First Executive Corporation
First Executive Corporation
Assets: $19.26 billion
Stock Exchange: NASDAQ
Incorporated in 1969, First Executive Corporation (FE) is a holding company engaged in the life insurance industry through its two principal subsidiaries—the California-based Executive Life Insurance Company (EL) and the Executive Life Insurance Company of New York (EL-NY). Insurance products include immediate and deferred annuities, individual term and whole life, group permanent life, and guaranteed investment contracts.
On the verge of folding in 1974, the company gained notice for innovations that made it into one of the fastest-growing insurers in the industry in the 1980s. First Executive became a top buyer of bonds from Michael Milken, head of the California operation of Drexel Burnham Lambert. This association cost the company much scrutiny as Milken came under federal indictment in 1989, and Drexel went bankrupt in 1990. The loss of public and agent confidence combined with a rocky junk bond market to result in the announcement of an $835.7 million fourth-quarter loss in spring 1990. The consequent subject of Securities and Exchange Commission (SEC) probes, lawsuits, and bad publicity, FE was required to develop a new strategy to fuel growth and win back confidence.
First Executive Corporation is the successor to a corporation formed in 1964. The company acquired 90% of Executive Life Insurance Company, of California, in 1967 and then, in 1968, acquired ICOA Life Insurance, of Salem, Oregon. ICOA then was merged into Executive Life. Later that year the parent company acquired 74% of Executive Life Insurance Company of New York.
In 1969 the company was reorganized as First Executive Corporation. Over the next five years, the company struggled to grow. By 1974, it had an insignificant investment portfolio and was behind on its interest payments, still losing money, and about to default on a $15 million loan. Fred Carr, then a much-publicized mutual fund manager, left his own consulting business to take over the reins of FE. Carr invested some of his own money in the company, renegotiated the loan, and was soon in the CEO seat. Within nine years, FE became one of the fastest-growing insurance firms in the United States.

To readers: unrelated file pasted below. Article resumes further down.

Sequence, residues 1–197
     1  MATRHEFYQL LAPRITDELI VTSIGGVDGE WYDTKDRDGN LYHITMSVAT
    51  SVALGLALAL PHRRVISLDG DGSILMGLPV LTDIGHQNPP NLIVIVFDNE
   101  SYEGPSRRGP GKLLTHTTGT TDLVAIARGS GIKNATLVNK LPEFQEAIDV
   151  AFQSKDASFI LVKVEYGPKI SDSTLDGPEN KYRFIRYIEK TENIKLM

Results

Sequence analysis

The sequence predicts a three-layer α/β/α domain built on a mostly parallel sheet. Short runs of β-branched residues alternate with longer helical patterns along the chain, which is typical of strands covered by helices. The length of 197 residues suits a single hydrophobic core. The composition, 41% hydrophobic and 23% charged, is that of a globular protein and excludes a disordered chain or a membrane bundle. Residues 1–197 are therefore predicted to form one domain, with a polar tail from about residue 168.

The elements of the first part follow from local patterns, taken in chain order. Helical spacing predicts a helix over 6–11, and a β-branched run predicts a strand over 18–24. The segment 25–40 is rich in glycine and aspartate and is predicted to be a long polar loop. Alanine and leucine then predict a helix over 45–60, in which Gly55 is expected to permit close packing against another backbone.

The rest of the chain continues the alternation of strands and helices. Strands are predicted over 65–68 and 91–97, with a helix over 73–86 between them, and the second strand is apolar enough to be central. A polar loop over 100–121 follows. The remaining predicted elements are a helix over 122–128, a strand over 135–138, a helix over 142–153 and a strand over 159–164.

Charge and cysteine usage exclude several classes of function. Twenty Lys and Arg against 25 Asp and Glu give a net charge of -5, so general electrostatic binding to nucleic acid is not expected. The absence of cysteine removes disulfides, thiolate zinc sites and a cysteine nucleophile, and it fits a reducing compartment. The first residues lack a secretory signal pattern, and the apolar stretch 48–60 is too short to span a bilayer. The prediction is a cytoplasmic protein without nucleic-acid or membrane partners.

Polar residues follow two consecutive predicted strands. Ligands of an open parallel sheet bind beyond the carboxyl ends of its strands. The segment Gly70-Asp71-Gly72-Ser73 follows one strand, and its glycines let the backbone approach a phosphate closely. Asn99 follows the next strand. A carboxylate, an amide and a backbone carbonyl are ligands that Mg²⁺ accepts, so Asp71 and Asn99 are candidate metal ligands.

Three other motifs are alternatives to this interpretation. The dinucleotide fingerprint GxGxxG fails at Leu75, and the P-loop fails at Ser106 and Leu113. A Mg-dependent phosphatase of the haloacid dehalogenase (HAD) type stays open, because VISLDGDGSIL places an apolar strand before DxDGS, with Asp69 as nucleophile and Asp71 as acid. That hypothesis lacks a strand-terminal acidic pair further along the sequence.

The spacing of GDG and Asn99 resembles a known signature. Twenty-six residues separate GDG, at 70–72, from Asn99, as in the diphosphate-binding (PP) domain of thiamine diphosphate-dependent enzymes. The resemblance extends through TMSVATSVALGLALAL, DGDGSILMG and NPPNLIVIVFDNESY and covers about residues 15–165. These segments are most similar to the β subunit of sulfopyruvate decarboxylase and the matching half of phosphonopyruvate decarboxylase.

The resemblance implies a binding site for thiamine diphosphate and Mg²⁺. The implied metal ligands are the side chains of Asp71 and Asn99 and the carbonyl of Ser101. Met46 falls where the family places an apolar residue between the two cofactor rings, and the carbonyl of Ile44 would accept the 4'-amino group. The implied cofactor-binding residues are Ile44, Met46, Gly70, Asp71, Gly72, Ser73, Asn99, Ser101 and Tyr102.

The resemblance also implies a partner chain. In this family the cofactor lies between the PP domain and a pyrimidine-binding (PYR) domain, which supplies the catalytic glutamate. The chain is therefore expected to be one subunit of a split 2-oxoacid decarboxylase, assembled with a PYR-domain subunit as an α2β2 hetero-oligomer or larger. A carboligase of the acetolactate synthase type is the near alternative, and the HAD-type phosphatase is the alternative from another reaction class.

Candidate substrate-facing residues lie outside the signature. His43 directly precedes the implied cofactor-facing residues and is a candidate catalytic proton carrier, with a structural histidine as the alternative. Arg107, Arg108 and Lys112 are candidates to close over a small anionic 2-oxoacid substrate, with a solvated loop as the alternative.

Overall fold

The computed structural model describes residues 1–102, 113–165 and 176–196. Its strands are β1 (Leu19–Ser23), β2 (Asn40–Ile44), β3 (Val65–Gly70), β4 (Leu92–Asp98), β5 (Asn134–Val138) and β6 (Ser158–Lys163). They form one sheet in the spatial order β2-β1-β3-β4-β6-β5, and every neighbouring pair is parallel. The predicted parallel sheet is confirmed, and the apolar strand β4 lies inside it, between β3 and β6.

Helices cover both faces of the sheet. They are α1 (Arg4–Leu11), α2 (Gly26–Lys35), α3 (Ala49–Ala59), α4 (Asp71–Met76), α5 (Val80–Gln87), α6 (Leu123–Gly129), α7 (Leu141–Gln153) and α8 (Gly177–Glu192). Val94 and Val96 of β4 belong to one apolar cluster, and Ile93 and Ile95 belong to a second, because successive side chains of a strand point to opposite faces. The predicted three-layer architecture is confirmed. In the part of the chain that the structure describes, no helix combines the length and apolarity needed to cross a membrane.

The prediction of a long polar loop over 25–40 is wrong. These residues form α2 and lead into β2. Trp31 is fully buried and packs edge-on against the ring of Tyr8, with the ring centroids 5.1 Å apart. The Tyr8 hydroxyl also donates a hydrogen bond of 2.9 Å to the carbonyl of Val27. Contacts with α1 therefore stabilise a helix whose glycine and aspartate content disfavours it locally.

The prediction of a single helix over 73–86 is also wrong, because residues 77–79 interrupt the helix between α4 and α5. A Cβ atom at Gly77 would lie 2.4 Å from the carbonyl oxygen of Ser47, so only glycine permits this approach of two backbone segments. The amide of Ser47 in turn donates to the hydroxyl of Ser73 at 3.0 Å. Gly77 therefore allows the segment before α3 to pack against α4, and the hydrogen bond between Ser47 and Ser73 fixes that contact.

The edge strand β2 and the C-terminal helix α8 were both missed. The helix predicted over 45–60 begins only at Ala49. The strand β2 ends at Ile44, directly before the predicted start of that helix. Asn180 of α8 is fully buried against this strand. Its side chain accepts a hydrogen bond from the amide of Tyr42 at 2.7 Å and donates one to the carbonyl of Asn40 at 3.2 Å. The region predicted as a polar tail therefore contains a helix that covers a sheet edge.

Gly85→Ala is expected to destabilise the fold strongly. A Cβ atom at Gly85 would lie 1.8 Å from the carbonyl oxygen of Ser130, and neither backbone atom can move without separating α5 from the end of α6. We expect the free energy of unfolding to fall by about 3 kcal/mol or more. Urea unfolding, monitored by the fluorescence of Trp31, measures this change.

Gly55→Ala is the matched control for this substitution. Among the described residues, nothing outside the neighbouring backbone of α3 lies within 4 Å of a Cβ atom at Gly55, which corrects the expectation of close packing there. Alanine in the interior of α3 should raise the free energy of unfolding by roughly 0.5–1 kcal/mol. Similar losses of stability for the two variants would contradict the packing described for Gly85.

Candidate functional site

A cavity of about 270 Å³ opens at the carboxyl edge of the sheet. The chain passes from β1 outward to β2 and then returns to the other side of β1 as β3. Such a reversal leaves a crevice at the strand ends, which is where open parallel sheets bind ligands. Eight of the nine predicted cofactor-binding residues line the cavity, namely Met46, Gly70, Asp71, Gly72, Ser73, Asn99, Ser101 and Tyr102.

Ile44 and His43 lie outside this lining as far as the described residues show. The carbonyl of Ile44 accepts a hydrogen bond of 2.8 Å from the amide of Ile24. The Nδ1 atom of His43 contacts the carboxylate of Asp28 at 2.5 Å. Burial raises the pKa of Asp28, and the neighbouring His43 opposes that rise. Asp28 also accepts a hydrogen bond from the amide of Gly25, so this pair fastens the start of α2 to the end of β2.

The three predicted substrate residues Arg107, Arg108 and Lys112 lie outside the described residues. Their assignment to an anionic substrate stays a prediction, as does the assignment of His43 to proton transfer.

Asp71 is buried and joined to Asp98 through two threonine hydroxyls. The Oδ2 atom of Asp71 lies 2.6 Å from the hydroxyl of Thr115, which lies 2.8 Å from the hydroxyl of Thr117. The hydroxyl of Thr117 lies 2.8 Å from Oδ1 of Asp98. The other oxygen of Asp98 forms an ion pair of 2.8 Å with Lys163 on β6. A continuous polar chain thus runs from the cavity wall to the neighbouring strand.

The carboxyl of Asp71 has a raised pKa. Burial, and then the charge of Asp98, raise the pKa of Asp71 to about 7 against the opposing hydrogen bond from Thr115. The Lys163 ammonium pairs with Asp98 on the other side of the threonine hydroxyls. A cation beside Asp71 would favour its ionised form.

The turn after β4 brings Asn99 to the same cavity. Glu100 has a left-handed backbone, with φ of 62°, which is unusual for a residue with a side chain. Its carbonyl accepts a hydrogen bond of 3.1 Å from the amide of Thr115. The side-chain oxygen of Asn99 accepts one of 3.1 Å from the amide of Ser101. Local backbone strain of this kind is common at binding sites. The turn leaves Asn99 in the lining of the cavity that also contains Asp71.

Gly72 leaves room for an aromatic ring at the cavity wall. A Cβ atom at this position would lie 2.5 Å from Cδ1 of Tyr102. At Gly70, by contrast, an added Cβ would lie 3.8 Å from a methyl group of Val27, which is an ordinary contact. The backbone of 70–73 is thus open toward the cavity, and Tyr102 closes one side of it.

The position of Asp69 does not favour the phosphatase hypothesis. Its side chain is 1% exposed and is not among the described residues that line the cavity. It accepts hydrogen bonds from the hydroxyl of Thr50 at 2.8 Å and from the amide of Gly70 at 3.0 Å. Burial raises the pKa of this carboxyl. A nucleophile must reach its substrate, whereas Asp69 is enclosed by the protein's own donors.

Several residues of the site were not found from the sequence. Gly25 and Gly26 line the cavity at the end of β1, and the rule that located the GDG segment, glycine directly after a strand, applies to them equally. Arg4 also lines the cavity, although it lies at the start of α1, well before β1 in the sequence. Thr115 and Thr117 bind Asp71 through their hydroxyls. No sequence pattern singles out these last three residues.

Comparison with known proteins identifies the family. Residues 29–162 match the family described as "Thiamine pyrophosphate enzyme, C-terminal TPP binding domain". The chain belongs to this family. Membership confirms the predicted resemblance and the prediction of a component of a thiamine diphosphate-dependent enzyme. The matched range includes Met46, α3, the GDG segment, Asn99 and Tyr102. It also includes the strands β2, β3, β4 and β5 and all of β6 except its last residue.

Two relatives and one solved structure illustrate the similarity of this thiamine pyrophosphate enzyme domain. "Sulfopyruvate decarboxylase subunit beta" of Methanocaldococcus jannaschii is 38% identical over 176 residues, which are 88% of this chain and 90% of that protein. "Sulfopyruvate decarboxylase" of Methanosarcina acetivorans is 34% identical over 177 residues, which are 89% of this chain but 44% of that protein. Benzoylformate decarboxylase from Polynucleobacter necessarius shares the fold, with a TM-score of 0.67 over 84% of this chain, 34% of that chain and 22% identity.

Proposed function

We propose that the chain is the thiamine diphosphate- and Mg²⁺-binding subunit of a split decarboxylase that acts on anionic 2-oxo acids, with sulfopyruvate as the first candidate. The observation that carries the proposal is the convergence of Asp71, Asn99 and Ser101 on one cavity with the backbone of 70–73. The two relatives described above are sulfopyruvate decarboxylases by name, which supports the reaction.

Born to parents who ran a vegetable stand in Watts, California, and with his college education ended when he was drafted, Carr had worked at jobs that ranged from pumping gas to selling door-to-door by the age of 32, but always was interested in stocks. This interest was confirmed by his rise to prominence on Wall Street in the 1960s.
At FE, in 1974, Carr had room for innovation. FE’s insurance business was small, with growth possibilities for new policies, clients, and products, and the small investment portfolio was not committed to low-yielding long-term investments. In the mid-1970s, the life insurance industry was changing. Until then, the best-selling products were whole life, a combined insurance and savings plan with modest interest rates, and term insurance, which provides coverage in the event of death. As interest rates increased in the 1970s, small insurers offered new products with higher returns than whole life. This business made them competitive with large insurers, who could not offer such products without running the risk of having customers cash in old policies.